Veolia North America has partnered with Today’s Power Inc. to install a 5 MW single-axis tracking solar energy system at its hazardous waste treatment facility in Gum Springs, Arkansas. The solar array is expected to produce more than 250 GWh over the next 25 years, making the Gum Springs plant the only one of its kind in the United State to capture and generate as much power as it uses on an annual basis.
The solar facility will be operational by the fourth quarter of 2024. The electricity from the solar panels will be used to meet the facility’s daily demands, with any excess going to feed the region’s main grid, leading to net zero output.
The project will make significant contributions to decarbonization, offsetting carbon emissions at the plant by an estimated 105,000 tons over the next 25 years. Along with the solar installation, Veolia is taking several other initiatives to reduce its impact on the environment at Gum Springs, including a plan to reforest nearly 1,500 acres surrounding the property to sequester carbon emissions, provide protection for local habitat and prevent erosion.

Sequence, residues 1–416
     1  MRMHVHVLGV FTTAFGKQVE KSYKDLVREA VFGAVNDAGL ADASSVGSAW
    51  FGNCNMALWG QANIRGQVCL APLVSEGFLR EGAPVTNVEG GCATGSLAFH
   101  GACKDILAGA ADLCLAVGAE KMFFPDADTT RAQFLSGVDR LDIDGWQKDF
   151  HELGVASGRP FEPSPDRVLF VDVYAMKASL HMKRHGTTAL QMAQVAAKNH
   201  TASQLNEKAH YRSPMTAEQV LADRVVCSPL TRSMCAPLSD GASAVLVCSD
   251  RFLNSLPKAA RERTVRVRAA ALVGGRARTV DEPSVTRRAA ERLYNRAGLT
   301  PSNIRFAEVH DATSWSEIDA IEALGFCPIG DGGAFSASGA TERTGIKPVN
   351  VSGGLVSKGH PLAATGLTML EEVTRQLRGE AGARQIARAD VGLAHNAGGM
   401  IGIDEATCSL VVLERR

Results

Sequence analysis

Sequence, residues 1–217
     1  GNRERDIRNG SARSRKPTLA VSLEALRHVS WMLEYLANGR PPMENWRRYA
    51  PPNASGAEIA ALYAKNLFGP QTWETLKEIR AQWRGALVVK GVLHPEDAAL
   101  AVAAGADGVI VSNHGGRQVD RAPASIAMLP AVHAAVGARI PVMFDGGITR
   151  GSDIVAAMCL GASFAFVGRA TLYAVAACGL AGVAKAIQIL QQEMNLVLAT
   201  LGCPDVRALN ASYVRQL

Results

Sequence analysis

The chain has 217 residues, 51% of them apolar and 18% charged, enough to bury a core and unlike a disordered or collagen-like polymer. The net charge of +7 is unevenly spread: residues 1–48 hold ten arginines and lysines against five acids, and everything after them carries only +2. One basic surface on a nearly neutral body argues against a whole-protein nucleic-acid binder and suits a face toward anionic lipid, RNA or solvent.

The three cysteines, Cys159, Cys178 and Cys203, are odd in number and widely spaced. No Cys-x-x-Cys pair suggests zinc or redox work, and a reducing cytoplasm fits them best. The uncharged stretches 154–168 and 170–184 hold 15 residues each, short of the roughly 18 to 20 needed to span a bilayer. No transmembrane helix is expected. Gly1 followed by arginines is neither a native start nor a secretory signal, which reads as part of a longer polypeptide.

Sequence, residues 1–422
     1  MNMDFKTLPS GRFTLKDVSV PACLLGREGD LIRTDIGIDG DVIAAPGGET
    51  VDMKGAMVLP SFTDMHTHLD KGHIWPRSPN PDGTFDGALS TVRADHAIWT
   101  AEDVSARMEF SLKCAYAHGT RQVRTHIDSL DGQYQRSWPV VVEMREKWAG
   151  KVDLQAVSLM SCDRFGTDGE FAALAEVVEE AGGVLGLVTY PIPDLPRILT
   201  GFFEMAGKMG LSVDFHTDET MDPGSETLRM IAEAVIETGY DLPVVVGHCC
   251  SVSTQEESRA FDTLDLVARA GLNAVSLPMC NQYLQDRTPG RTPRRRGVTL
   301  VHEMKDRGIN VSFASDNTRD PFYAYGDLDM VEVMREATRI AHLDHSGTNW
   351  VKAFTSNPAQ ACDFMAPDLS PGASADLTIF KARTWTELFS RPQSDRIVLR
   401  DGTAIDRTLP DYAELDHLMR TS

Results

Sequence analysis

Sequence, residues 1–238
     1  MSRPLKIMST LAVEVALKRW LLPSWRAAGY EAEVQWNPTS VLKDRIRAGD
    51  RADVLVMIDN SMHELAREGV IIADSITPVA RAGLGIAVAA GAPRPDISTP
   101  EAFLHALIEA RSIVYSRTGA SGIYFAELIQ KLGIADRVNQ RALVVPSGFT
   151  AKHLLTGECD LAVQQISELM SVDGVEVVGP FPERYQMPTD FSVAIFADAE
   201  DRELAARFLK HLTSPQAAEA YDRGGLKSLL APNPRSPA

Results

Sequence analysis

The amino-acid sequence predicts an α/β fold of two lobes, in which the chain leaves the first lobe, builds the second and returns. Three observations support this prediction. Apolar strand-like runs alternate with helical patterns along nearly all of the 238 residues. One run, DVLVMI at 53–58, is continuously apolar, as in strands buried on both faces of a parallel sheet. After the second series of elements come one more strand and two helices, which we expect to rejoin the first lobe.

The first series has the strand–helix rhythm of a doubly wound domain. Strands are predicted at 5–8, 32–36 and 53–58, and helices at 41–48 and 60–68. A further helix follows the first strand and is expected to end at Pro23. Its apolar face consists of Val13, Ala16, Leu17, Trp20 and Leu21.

“This investment to bring clean, renewable power to our Gum Springs operation is a reflection of Veolia North America’s commitment to environmental sustainability and leading the ecological transformation,” said Bob Cappadona, president and CEO of Veolia’s environmental solutions and services division, which oversees the Gum Springs project. “As a leading provider of environmental services to communities across the U.S., we have an obligation to ensure that the facilities we operate are equipped to limit our impact on the environment as much as possible.”
Veolia currently employs 136 people at the Gum Springs waste treatment facility, an increase from 61 employees when the company began operating in Clark County in 2020. The company expects to employ more than 200 people at Gum Springs by 2025.
To make room for the new solar panels, Veolia recently cleared a 30-acre lot across the street from the facility. The cleared timber, amounting to over 4,300 tons of mixed hardwood and pine timber, was harvested for building materials that sequester carbon.
— Solar Builder magazine